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The Title of My Blog

Some things from your childhood just stick with you.  There’s no rhyme or reason to it, and the things you remember that remain in the forefront of your consciousness throughout your growing up years and beyond may not have registered at all to someone else who shared the same experience with you. But to you, the thing just stuck and you never forget it.  You think about it so much through your childhood and adult years that it starts to somehow define you, in a way.  Or, as I am fond of saying, it becomes part of your DNA.  For me, that one thing from childhood that I’ve thought about for years is not some monumental happening that one would expect to leave a strong, lifelong impression on a child.  Rather, it’s something that I heard my mother say repeatedly, too many times to count in fact.  Here’s the set up…

My parents had eight children – four boys, four girls.  I’m the youngest boy and the second to youngest child.  Do the math and that makes me # 7.  Frequently, several of us kids would be out somewhere in public with Mom and, as sometimes happens, Mom would run into some friend or acquaintance with us in tow.  In the course of whatever conversation would ensue between Mom and the person she had happened to cross paths with, Mom would gesture to us kids as we waited patiently for her to finish talking and say something like,

“This is number 5, number 6, number 7, and number 8.  We gave them numbers in case we forgot their names.”

Hardly ever was Mom having to introduce all eight of her children as we were rarely all together, spread out as were over an 18-year span.  Usually there were just a few of us at the bottom of the pack with her.  Regardless of who was with her, this was the way she introduced us kids to people at church, in the A&P, neighbors, friends, anyone really.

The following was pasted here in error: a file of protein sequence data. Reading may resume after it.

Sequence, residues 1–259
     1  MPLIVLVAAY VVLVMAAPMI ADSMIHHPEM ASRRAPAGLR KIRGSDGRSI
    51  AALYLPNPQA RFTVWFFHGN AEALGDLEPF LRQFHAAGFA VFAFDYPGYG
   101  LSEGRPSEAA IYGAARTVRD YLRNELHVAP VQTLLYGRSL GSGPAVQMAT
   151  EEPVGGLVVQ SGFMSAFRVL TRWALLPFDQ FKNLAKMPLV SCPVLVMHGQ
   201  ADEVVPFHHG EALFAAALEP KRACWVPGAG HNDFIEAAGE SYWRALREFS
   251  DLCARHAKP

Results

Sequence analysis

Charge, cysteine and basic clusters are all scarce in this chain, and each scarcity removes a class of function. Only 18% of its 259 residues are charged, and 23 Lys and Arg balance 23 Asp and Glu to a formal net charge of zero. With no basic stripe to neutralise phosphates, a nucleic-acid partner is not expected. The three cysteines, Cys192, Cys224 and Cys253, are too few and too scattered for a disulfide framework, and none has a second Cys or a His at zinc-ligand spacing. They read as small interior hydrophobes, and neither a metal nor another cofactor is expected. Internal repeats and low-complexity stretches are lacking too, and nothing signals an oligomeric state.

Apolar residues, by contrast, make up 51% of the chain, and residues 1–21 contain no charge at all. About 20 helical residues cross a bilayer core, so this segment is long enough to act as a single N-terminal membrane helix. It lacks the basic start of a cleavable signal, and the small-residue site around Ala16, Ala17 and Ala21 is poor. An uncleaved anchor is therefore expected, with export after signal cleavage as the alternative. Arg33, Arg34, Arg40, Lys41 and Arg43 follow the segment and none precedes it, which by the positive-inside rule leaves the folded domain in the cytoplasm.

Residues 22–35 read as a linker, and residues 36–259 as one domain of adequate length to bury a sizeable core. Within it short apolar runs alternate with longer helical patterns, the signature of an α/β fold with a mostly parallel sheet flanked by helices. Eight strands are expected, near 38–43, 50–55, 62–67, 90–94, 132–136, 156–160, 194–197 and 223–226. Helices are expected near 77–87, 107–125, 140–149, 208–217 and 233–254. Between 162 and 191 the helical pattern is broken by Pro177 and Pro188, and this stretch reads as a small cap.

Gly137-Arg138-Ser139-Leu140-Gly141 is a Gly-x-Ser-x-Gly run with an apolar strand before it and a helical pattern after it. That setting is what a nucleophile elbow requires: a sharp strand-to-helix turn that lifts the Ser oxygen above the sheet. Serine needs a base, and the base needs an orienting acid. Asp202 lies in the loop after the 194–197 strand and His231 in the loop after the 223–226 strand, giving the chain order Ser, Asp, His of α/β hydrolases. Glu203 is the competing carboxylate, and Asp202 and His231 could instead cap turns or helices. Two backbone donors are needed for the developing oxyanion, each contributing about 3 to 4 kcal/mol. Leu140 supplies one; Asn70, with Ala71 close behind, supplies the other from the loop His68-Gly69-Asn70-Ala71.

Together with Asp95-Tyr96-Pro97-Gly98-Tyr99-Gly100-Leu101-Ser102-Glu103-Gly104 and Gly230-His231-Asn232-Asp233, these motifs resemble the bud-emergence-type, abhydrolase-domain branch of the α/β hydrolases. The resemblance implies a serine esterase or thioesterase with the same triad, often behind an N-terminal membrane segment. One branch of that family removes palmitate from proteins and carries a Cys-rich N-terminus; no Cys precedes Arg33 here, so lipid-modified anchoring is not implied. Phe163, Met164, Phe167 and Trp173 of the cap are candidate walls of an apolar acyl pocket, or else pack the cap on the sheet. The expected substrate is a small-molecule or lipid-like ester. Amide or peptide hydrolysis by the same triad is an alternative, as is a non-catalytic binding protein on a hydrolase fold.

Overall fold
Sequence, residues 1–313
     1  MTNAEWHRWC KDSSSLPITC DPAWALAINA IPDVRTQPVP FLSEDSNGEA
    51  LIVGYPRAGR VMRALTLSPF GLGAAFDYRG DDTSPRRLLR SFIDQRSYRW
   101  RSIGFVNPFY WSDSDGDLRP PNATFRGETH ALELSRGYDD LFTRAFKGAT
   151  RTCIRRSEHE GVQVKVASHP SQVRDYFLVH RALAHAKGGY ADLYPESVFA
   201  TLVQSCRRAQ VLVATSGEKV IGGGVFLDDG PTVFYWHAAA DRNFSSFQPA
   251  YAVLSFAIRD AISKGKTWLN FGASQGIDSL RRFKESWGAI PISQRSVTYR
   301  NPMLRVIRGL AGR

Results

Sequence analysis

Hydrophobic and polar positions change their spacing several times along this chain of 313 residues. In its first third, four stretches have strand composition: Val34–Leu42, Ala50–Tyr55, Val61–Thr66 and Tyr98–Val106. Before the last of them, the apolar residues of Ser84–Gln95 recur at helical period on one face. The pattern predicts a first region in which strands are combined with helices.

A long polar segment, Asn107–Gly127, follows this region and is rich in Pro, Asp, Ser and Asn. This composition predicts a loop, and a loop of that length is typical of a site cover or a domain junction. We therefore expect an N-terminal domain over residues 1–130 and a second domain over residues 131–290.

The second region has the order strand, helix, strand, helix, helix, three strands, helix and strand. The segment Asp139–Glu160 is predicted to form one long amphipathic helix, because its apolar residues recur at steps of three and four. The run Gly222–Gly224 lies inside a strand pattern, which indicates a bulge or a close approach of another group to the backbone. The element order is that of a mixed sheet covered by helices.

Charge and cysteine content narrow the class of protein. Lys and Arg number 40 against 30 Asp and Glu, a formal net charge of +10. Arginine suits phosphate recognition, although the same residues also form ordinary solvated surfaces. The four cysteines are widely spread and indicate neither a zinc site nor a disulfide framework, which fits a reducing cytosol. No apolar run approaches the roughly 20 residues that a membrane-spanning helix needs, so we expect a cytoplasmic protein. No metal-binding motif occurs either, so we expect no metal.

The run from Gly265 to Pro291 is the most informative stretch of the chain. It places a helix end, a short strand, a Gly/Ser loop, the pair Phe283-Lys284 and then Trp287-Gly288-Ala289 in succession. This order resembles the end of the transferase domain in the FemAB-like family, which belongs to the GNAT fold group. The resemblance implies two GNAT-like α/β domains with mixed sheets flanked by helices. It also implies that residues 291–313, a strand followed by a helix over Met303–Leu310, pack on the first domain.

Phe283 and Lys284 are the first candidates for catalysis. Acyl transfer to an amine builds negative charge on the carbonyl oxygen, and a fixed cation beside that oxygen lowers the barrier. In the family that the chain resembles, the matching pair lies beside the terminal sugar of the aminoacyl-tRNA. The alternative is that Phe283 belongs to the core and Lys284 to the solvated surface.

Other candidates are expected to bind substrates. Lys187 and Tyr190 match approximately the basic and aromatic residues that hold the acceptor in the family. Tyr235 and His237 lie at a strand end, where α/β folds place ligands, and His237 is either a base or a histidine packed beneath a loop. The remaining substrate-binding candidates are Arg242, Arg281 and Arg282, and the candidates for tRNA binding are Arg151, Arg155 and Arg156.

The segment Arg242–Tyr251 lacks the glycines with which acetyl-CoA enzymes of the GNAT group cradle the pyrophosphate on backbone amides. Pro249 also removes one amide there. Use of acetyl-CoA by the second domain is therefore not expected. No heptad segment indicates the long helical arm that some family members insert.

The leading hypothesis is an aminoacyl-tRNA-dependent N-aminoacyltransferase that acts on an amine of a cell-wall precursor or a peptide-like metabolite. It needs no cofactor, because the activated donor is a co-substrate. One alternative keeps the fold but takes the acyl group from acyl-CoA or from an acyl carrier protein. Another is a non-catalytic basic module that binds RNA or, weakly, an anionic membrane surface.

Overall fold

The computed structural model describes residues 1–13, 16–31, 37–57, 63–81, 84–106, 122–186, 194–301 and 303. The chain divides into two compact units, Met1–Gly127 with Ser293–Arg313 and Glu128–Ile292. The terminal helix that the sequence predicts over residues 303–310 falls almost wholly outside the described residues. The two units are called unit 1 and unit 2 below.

In my lifetime, it has become trendy to jump on the “I was messed up by my parents” bandwagon.  Admittedly, I’ve been on that bandwagon before and still like to hop on now and again for a little ride.  By no means do I think that my Mom and Dad did a perfect job raising us; they were human, after all, and they did the best they could.  Over time, when they knew better, then they did better.  But I’d be lying if I said that I’d made it to adulthood with not emotional family baggage.  In fact, I believe that anyone who claims to have reached adulthood with no emotional baggage is either not being truthful or living in denial.

For years, through my childhood and way into my adulthood, I would hear my Mom’s voice saying “We gave them numbers in case we forgot their names” and get resentful.  How could she say such a thing?  Were we just numbers to her?  Would she ever really forget our names?  Did I really matter as an individual or was I just one among many – # 7?  As an adult, I of course now know that Mom could never have forgotten my name or the names of any of her children.  She loved us all tremendously.  This was something she said not because we didn’t matter to her, and not because she lacked the ability to see us each as the distinct individuals we were, but because we each mattered so much to her – so much so that we were each not only christened with our own unique name, but our own number as well.

For years, I’ve thought that “We Gave Them Numbers” would make a great name for a story about my family.  I just haven’t been sure what the nature of that story would be – a memoir, a collection of humorous anecdotal tales, a la David Sedaris, or some combination thereof.  I know myself well enough to know that I could spend many more years procrastinating on writing about my family because I’m hung up on some point that, at this stage, is inconsequential.  Or I could simply start writing what comes into my head.  Hardly a day goes by without some family memory passing through my head.  It might be something quite specific, or more of a general feeling of a time period in our household.  It might be sad, happy, painful, joyous, or anywhere on the emotional map.  But there are lots of memories, far too many to ever write them all down.  Written or not, they all mean something to me and have all contributed to who I am today.

And so, I’ve decided to begin this undertaking by blogging and to use the name “We Gave Them Numbers” in homage to my Mom, Carole Elaine Shutts Nichols, who passed away on January 4, 2009 from pancreatic cancer.  Now that she’s gone I know, more than ever, how special she was and how much she loved us.  We weren’t just a crowd, but a collection of unique individuals who each meant something different to her and were loved differently by her.  And we each got our own number.  I’m # 7.

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